Former Queensland Premier Anna Bligh and Public Works Minister Robert Schwarten have defended the State Government’s decision not to terminate its contract with IBM, despite the payroll replacement project it was working on being significantly over time and budget.
Bligh and Schwarten yesterday took to the stand at the commission of inquiry investigating the bungled project, which is expected to cost Queensland taxpayers $1.2 billion to fix.
During what was at times a heated exchange between Schwarten and Counsel Assisting Peter Flanagan SC, Schwarten said he was aware IBM was not meeting its side of the agreement, but that the government was trying to make the best of a bad situation
“The information I had given to me, unchallenged by anyone else, was the removal of IBM, the breaking of the contract of IBM could have absolutely catastrophic results,” Schwarten testified.
“You’ve got remember we had a critical problem of a payroll — it doesn’t come much closer to the bone of government than to have employees not being paid, especially in an area where you’ve got emergency wards being staffed by people who were worried about whether they were going to be paid or not".
Schwarten told the inquiry his focus was not on removing IBM but instead ensuring people got paid.
“The easiest political route out of it would have been to say ‘IBM’s to blame … let’s see if we can scapegoat them and flog them to death and we’ll all look nice guys’. The reality is we chose not to do that.”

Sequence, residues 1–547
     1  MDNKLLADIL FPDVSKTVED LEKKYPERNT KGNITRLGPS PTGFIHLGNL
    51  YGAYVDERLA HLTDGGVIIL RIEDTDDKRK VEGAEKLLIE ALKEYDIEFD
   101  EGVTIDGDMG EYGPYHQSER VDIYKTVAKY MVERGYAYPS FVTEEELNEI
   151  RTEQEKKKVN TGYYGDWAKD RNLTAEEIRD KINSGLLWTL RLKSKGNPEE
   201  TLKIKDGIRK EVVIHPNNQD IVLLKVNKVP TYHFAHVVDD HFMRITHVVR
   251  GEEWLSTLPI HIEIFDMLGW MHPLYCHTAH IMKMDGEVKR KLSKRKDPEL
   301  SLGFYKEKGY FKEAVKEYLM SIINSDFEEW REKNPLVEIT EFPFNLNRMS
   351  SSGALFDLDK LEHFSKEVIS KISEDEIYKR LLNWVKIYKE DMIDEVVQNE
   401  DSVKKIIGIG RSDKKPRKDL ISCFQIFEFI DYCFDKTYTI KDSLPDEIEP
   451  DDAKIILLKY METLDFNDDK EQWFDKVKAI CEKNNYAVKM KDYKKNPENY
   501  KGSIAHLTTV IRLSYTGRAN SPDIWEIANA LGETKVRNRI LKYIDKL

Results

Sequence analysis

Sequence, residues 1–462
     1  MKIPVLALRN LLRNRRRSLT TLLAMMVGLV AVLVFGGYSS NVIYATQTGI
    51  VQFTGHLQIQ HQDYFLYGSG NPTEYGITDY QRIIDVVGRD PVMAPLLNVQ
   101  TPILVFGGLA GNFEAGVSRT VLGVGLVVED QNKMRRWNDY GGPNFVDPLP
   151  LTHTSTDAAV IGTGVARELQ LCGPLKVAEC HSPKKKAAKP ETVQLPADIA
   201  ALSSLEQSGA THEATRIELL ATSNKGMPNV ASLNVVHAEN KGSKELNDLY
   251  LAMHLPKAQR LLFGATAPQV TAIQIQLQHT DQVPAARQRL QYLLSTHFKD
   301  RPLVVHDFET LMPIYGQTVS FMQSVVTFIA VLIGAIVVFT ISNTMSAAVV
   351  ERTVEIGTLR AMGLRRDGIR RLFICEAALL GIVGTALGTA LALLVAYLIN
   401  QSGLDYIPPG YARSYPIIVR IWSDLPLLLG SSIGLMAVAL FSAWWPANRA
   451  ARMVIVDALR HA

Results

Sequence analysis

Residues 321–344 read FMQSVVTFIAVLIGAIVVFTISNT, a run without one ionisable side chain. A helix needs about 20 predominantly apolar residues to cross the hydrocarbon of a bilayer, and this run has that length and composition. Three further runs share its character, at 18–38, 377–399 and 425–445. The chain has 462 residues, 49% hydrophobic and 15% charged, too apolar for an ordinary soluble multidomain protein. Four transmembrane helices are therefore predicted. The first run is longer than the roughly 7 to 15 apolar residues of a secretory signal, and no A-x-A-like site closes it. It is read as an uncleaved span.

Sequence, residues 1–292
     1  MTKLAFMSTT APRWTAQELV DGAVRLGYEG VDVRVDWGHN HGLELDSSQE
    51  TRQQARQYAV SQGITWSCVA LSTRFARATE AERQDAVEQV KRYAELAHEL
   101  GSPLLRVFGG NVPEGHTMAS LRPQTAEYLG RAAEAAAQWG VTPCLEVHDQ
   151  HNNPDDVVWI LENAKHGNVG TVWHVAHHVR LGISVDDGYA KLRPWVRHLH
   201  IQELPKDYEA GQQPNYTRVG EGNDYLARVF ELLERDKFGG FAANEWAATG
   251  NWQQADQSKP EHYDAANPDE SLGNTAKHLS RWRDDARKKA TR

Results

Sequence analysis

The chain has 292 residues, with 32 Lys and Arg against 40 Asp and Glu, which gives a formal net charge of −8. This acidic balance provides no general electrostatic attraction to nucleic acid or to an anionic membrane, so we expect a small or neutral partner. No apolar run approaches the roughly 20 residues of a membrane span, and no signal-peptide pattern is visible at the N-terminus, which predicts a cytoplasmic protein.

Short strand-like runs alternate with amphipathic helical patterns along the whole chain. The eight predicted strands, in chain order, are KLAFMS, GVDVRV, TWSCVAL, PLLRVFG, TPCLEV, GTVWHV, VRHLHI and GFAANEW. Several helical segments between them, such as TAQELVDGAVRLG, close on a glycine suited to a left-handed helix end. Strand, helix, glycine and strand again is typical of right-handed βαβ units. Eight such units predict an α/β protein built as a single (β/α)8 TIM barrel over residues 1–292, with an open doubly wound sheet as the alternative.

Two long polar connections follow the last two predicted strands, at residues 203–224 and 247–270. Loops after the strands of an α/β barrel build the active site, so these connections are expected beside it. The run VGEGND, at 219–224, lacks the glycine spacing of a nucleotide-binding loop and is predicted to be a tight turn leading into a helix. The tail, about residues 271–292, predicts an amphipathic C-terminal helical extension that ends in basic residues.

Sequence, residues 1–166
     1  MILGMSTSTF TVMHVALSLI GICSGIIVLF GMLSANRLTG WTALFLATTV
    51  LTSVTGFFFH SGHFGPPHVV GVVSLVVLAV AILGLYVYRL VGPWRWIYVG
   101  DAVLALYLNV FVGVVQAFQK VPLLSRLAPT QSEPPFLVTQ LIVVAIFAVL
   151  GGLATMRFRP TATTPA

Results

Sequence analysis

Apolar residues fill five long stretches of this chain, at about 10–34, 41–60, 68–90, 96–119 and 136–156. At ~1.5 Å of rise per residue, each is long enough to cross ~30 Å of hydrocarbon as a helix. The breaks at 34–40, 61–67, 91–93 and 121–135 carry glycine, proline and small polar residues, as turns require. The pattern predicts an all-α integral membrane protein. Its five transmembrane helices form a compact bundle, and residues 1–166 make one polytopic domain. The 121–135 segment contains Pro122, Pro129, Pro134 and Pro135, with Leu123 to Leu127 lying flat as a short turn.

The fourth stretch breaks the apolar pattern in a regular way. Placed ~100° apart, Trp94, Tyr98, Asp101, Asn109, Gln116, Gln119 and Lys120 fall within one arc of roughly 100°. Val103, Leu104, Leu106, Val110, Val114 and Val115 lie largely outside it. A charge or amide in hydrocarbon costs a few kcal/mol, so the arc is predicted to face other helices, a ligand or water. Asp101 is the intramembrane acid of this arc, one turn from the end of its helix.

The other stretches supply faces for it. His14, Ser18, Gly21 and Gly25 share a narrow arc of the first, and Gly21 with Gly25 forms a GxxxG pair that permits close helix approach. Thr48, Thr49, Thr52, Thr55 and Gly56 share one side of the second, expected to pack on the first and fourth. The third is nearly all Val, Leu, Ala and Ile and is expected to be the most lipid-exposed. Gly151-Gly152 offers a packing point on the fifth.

Earlier in the day former Premier Anna Bligh admitted it would have served the government’s political interests to pursue IBM for damages, but that she too was focused on getting the system working as quickly as possible.
In her witness statement Bligh detailed a budget review committee meeting in which she was advised IBM was a long way down the path of implementing the payroll system replacement, and the prospect of being able to quickly and effectively replace IBM, seemed a very slight one, given how long the project had taken to date.
“To the contrary, in all likelihood, the replacement would take longer, because the complexity would mean any new contractor would have to "climb the knowledge mountain" that IBM had already climbed,” Bligh wrote.
According to her statement, Bligh believed IBM had a number of key staff that were deeply embedded in the design and construction of the payroll system, and taking action that could see them leave the system would delay the rectification process, potentially by months.
The inquiry continues today with former Health Minister Paul Lucas expected to take the stand.